hiv_aids.gifThe National Aids Council has decided to enlist support from the corporate sector in the fight against the HIV and Aids pandemic since the effects of the disease are being felt in every sector including the business sector.

 

The Aids pandemic has ceased to be a health sector challenge only, as its effects are being felt in all sectors including social and business.

 

The Zimbabwean government has since adopted a multi-sectoral response to the pandemic.

 

As commemorations to mark World Aids Day draw nearer, the National Aids Council has embarked on a nationwide program to enlist the support of the business community in raising funds for the commemorations as well as other activities. 

 

This year’s National World Aids Day commemorations will be held at Rimuka Stadium in Kadoma in Mashonaland West province on the 1st of December.

 

NAC Chief Executive, Dr Tapiwa Magure said so far US$60 thousand dollars has been raised towards the commemorations. There is however a deficit of US$60 thousand dollars.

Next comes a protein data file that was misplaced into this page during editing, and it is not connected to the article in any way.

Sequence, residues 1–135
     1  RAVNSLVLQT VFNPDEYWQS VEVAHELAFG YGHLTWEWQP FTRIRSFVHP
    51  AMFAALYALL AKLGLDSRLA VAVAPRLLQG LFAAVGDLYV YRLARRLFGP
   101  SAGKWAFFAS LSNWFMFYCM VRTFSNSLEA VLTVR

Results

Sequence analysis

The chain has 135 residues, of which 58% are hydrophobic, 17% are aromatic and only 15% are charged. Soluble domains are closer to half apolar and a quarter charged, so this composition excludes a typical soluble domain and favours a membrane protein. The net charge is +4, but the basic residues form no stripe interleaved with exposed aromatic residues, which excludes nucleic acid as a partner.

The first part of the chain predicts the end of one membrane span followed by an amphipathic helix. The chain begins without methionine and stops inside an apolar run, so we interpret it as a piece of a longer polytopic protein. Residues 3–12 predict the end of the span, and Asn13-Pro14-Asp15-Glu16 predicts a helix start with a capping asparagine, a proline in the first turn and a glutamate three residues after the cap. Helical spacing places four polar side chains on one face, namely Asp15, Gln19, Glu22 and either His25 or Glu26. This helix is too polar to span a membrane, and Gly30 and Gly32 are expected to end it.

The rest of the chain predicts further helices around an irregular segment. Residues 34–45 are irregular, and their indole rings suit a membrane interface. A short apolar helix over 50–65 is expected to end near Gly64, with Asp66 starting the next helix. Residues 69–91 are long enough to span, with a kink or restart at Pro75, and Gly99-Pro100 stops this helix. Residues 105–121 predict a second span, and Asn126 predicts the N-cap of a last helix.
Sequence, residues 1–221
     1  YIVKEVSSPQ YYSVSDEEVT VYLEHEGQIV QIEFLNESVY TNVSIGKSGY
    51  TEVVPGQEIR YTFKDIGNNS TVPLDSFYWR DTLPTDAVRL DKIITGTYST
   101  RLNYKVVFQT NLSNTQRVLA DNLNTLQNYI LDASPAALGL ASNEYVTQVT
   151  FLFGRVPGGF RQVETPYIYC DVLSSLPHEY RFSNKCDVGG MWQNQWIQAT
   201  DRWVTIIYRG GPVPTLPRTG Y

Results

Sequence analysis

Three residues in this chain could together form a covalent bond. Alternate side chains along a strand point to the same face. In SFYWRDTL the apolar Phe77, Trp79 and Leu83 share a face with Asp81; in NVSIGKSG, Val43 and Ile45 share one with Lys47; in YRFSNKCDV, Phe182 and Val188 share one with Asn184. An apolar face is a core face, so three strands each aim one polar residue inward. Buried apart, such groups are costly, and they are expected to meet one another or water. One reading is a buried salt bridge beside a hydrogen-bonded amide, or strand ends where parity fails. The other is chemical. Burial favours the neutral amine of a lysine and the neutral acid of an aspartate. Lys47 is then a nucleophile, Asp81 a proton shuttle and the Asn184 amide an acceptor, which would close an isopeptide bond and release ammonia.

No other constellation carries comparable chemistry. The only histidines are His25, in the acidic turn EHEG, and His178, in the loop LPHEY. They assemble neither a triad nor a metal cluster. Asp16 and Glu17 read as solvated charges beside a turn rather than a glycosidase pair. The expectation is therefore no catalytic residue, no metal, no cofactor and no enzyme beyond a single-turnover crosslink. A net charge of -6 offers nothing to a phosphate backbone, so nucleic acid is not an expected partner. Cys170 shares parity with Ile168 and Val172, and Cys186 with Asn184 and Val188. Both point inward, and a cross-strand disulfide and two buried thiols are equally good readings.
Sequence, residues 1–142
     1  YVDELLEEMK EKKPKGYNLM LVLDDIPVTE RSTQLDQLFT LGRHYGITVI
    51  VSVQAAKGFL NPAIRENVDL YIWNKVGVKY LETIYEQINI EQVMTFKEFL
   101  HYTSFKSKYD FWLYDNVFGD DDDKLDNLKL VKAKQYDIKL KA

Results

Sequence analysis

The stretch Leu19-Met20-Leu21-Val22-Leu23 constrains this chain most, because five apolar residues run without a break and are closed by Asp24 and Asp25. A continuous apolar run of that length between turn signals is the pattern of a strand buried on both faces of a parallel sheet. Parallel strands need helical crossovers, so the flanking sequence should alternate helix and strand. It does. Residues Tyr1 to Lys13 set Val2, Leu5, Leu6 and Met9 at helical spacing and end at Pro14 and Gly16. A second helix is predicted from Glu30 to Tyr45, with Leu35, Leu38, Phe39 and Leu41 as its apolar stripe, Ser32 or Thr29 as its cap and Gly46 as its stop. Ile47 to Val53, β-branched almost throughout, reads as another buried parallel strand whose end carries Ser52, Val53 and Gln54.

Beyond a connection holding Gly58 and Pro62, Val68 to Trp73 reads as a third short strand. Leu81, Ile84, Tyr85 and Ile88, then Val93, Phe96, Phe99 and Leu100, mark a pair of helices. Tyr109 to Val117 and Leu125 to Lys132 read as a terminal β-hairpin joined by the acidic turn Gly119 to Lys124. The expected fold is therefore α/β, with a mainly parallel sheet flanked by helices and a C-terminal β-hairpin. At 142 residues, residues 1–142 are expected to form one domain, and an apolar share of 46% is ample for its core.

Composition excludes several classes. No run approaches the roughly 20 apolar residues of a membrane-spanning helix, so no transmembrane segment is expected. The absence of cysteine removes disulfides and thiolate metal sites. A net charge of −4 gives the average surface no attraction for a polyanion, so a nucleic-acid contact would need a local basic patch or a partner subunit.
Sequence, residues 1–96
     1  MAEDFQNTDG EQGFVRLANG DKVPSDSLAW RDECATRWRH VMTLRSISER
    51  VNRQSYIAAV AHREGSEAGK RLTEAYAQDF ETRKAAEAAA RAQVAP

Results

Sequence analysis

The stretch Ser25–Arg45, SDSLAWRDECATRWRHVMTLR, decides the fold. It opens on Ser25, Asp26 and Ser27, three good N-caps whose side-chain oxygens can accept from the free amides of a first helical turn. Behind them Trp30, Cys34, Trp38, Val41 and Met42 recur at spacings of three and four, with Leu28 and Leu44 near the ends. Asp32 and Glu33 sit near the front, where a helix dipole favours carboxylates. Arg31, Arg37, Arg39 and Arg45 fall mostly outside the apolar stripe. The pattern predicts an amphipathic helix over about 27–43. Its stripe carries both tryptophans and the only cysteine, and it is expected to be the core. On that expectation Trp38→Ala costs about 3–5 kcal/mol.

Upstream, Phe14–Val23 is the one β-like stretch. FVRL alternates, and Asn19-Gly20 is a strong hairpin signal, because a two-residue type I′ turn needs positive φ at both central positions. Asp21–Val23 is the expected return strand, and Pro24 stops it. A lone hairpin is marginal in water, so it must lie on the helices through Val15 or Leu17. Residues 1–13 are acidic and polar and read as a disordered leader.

“We carry out a number of pre and post launch activities and they require money, so we have decided to enlist support from the business sector. As a country, we are working towards universal access and the programs that we have embarked upon require a lot

of funding,” he said.

 

Principal Director Preventive Services in the Ministry of Health and Child Welfare, Dr Gibson Mhlanga, said the business sector is aware of the impact the disease has had on most businesses, adding that most companies have lost considerable productive capacity in human resources that have either continued to be absent from duty or passed away and there is need for the business community to assist in the fight against the pandemic.

 

He said: “It is a good idea to take some time and explain the effects of the pandemic to people in various sectors. This time we are focusing on the business community and we are happy with the response so far.”

 

Various companies have designed and instituted some programs aimed at preventing workers from contracting HIV as well providing treatment and support for the infected.